WHERE DO YOU...

WHERE DO YOU COME FROM, WHERE DO YA GO? After Monday's immigration marches, The National Review 's Cliff May crept forth with a dark, ominous post wondering about the shadowy groups organizing these demonstrations and the nature of their true "agenda." Well May can take that extra layer of tin foil off his hat, because the answers are out , and they're pretty innocuous. According to the AP, the story goes something like this: After James Sensenbrenner brought his endearingly medieval outlook to the issue, a hastily called confab of unions, civil rights groups, and religious organizations met in California. The consortium decided to sponsor some rallies with a simple purpose: against Sensenbrenner's legislation, for some undefined path to citizenship. Outreach was conducted primarily through Hispanic radio, e-mail, and churches, with the Service Employees International Union and the Catholic Church eventually taking the lead, particularly on funding. The rallies tapped into the...

DEAN CALLS FOR...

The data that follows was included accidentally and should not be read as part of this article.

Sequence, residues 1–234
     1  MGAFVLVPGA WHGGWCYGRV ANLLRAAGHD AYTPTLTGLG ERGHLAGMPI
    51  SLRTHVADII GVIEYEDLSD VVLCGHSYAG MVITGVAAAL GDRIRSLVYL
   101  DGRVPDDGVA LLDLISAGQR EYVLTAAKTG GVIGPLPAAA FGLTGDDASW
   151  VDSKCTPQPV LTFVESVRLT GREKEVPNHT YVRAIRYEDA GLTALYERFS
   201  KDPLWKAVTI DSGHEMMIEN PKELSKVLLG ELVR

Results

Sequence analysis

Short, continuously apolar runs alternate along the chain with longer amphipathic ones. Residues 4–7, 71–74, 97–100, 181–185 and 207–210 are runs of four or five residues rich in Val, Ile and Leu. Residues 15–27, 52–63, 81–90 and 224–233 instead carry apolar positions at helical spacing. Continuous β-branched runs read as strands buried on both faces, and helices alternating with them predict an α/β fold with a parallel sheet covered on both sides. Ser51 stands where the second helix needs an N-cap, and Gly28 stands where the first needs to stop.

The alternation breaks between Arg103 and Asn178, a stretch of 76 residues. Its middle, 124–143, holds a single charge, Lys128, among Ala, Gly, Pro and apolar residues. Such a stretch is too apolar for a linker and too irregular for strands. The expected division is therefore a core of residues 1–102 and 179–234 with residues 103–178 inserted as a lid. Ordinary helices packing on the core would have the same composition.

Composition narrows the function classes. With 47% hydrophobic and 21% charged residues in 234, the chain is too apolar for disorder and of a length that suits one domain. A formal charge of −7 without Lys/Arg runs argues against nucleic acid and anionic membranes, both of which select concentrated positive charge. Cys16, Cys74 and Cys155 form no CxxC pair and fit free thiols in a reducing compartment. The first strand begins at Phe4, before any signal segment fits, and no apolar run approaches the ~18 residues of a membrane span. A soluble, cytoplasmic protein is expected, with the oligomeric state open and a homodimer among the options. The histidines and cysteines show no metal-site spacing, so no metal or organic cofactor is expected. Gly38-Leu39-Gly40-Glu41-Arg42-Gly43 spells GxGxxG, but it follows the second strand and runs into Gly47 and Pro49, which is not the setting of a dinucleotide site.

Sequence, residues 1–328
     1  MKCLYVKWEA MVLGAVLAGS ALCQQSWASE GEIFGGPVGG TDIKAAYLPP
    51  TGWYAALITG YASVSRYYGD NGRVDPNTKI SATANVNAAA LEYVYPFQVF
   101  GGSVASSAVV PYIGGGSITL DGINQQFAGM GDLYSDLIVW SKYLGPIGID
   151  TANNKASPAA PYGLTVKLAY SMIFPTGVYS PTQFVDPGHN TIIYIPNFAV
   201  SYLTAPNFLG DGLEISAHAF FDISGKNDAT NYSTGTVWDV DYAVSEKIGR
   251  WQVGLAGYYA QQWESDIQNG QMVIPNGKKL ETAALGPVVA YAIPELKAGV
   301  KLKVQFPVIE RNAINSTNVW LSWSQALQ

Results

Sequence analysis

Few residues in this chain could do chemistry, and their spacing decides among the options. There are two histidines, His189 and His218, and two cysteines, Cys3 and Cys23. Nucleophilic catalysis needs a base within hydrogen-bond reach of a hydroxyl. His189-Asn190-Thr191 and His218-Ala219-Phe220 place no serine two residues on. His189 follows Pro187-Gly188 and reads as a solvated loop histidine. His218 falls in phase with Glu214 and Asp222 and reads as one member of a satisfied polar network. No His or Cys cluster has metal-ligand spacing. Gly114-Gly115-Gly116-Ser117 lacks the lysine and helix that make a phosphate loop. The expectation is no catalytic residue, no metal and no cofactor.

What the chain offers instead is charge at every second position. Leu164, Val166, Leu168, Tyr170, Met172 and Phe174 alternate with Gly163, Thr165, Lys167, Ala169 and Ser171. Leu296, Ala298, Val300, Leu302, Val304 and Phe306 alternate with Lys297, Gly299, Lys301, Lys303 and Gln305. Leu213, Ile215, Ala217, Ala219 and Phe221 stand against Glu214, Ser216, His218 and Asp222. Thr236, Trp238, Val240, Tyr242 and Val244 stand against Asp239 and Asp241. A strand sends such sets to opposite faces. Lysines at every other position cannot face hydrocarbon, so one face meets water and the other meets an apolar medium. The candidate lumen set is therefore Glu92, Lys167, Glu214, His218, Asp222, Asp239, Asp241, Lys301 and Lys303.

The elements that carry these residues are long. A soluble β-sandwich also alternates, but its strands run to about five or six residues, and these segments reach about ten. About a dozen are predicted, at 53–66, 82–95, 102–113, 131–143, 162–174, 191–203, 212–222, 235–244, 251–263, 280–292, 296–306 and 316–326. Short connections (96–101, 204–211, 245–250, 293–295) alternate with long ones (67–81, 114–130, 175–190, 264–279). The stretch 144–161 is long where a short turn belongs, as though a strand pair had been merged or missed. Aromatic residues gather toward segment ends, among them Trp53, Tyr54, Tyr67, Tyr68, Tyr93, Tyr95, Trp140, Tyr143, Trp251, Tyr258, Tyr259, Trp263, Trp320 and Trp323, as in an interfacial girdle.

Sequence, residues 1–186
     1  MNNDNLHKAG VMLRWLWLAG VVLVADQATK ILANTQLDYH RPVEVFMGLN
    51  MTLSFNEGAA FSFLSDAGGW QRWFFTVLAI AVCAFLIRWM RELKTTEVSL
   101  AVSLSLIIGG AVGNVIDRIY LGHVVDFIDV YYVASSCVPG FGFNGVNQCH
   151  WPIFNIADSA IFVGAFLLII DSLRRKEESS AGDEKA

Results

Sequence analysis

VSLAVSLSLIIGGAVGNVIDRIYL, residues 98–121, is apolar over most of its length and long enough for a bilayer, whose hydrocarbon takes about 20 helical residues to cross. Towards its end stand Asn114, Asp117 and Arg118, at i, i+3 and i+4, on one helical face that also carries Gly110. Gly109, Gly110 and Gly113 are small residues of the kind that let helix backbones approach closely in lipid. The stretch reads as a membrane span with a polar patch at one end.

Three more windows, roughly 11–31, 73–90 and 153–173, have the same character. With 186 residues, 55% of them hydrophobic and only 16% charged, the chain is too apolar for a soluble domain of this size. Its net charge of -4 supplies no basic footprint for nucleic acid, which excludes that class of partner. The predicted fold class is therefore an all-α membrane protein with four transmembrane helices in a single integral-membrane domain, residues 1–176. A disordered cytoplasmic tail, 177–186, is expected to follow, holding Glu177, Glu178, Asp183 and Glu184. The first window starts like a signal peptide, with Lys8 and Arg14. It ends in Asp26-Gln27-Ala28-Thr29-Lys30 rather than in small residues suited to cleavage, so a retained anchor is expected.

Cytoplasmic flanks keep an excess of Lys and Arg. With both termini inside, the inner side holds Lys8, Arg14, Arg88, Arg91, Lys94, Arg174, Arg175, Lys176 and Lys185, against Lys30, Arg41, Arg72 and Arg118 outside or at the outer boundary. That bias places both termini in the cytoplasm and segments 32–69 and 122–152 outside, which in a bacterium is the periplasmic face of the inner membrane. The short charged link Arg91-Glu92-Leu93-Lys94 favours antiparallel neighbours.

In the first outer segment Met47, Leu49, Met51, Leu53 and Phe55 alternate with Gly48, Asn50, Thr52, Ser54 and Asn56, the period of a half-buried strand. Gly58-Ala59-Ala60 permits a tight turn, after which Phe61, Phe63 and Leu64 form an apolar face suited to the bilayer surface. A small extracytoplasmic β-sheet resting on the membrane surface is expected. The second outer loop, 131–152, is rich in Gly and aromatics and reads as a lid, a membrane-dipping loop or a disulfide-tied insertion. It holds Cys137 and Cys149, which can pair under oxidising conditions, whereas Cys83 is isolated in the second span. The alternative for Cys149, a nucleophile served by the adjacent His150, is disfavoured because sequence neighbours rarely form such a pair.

DEAN CALLS FOR DECLASSIFICATION RE WASHPOST PIECE. DNC Chairman Howard Dean this morning called on the Bush administration to declassify a 2003 Defense Intelligence Agency-sponsored report that undercuts a key administration claim about Saddam Hussein -era Iraqi weapons. As reported in this morning�s Washington Post , the DIA sent a team of experts to Iraq in May 2003 to examine trailers that were suspected of carrying equipment needed to make biological weapons. The team determined that the trailers did not contain such material, and reported that finding to Washington on May 27, 2003. Two days later, President Bush said, �We have found the weapons of mass destruction.� Dean, at this morning�s Prospect breakfast meeting with roughly two dozen journalists, said, "We are going to call, probably today, for the declassification of the report.� He wouldn�t say whether he had already spoken to Harry Reid and Nancy Pelosi about this strategy, but one source said that such conversations...